Retention, who’s responsibility is it anyway?


Refund Policy

I’ve been meaning to write this article for a very long time and rather reluctantly I have to confess. I had convinced myself not to share my view on this particular topic especially with the existing employers in the market as well as my clients who I have –so far- been keeping a pleasant relationship with.  I feared the repercussion and potentially getting on the ‘bad side’ of some of the Managers out there.  (Hey, don’t judge me I’ve got bills to pay too).

My client reading this article while on a vacation
My client reading this article while on a vacation

However I feel that it is time to share a point of view I’ve held for so long as a consultant and   a Headhunter working with both employers and job seekers.  I’m secretly encouraged by the fact that most employers and their managers will probably not be reading this article as they savor their vacations out of the country at this time of the year.

The problem with ‘guarantees’ is nothing is guaranteed

Having run my own recruitment firm for so many years now, I found that one of the least-enjoyable parts of the whole process of engaging a client and helping them fill their vacancies is the part where our proposed Terms and Conditions are subject to endless negotiations, scrutiny and emails going back and forth till one party compromises –and usually it’s the recruitment agency- for the sake of getting the ‘ball rolling’ and some work done.  This is all fair and understandable.  However, what continues to dumbfound me till this day is when managers insist on what has become known as the ‘guarantee clause’.  For those of you who are not familiar with the jargon; the guarantee clause is where a recruitment agency commits to the employer that should the employee who has been placed by the agency decide to quit on his own discretion during the first three to four months of his or her employment, then the agency is obliged to find a ‘free’ candidate to replace the one who left.  It get’s even more complicated when an agent is not successful in finding a suitable candidate to replace –or the employer doesn’t seem to like any other candidate you present.  You are then forced subsequently to refund the money you were paid initially for your time and effort.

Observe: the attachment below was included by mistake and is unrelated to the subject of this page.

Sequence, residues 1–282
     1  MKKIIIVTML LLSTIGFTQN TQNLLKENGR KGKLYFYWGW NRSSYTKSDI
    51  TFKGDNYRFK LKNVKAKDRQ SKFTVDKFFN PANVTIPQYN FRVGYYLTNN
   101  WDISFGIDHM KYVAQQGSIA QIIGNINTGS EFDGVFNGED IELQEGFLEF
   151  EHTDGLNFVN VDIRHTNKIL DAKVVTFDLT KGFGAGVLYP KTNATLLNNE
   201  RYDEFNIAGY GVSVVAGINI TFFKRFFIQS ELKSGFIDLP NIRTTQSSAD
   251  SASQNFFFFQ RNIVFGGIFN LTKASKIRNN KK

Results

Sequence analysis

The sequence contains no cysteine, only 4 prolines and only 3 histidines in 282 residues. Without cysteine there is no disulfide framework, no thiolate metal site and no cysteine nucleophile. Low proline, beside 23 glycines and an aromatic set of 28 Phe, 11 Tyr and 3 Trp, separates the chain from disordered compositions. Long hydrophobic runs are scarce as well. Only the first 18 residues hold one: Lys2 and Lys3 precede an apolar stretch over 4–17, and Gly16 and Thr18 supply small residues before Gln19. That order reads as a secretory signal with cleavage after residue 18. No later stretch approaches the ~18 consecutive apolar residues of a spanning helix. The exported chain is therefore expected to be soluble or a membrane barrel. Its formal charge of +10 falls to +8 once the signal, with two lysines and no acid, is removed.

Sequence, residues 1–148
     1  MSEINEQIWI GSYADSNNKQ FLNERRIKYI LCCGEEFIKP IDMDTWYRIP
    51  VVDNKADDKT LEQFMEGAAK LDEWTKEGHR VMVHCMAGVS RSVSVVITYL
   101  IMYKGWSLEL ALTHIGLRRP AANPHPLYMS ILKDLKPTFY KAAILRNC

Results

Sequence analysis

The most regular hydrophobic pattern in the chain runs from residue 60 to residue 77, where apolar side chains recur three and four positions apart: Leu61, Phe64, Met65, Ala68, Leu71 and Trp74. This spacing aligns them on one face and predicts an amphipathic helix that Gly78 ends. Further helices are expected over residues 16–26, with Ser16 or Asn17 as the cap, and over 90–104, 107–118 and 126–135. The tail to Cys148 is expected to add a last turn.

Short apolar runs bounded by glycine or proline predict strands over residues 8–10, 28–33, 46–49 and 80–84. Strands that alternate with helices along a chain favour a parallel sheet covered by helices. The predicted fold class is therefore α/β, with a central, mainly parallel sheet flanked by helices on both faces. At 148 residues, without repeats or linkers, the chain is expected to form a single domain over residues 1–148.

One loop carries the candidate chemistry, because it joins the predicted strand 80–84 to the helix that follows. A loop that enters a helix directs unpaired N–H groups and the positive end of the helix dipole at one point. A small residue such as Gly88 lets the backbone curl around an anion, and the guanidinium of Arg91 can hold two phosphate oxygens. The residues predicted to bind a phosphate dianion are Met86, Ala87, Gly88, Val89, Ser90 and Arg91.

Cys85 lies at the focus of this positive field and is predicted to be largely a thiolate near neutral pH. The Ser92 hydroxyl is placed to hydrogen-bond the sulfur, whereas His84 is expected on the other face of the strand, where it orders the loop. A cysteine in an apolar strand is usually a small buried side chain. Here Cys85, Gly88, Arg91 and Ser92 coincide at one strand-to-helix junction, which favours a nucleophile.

To add to that, I’ve also observed lately that some employers have become rather creative when negotiating the guarantee clause with some suggesting conditions such as a prolonged ‘6-month guarantee period’ instead of the standard three or four months. With one employer –who will remain anonymous here- even suggesting a couple of years back for the fee to be split in half; where 50 percent is paid in the beginning and the other part at the end of the 6 month just to make sure that the “employee stays in the company”.  I have even come across a client who proposed boldly to “try the employee and pay the agency after they are satisfied at the end of the probation period”.

My 'un-amused look' when a client negotiates the 'guarantee clause'
My ‘un-amused look’ when a client negotiates the ‘guarantee clause’

The truth is this type of clause has become a standard practice in the market and it seems employment agencies prefer to keep quiet and accept it, alas, grudgingly.  The ‘guarantee clause’ recruiters have to commit to has never really made sense to me quite frankly.

What employers assume, and what really happens

The problem I have with this long-standing practice is  that it first assumes naively that an employee joining a new company will naturally stay just because he or she was completely sold during the interview stage about the career prospects in the new company.  This ignores the fact that employees are exposed to numerous elements or incidents during a working day that qualify in their eyes as reasons to make their blood boil, eyes roll up and call it quits.  We’ve all heard them and these reasons can be anything from “it’s been 3 weeks now and I don’t even have an email address, desk or a parking spot”, or “I don’t like how my supervisor speaks to me”, or the very popular “I am so shocked the company is so unorganized and does not have any system in place”.  I personally recall I was on the verge of quitting my job once because my insecure boss wanted to know everything from who I was speaking to over the phone to “why am I having my second cup of coffee already”.  Clearly recruitment agents are oblivious to these incidents most of the time.

3 I.T. Problems: One of the reasons cited by many employees for wanting to quit their jobs which Headhunters like me have no hand in
3 I.T. Problems: One of the reasons cited by many employees for wanting to quit their jobs which Headhunters like me have no hand in

Who’s responsibility is it?

Another problem I have with the guarantee clause is that it is a symptom of a more serious problem which most employers are yet to grasp, that the fact of the matter is; employee retention and engagement is most of the time an employer’s responsibility and not necessarily the recruitment agency who introduced the employee or the employee himself for that matter.  I get the gist of this type of attitude in particular when I’m discussing the topic of employment of young nationals with employers or in public forums and even in the media.  Everyone seems to be trying to figure out why are young local employees difficult to retain? What influences them? How can we influence their parents? And so forth.  The truth is, employers have to own up to their responsibility of ensuring that talent integrates smoothly in their companies, is engaged effectively and is empowered to lead a fulfilling career.  Something a recruitment agent can do little about from a distant office somewhere.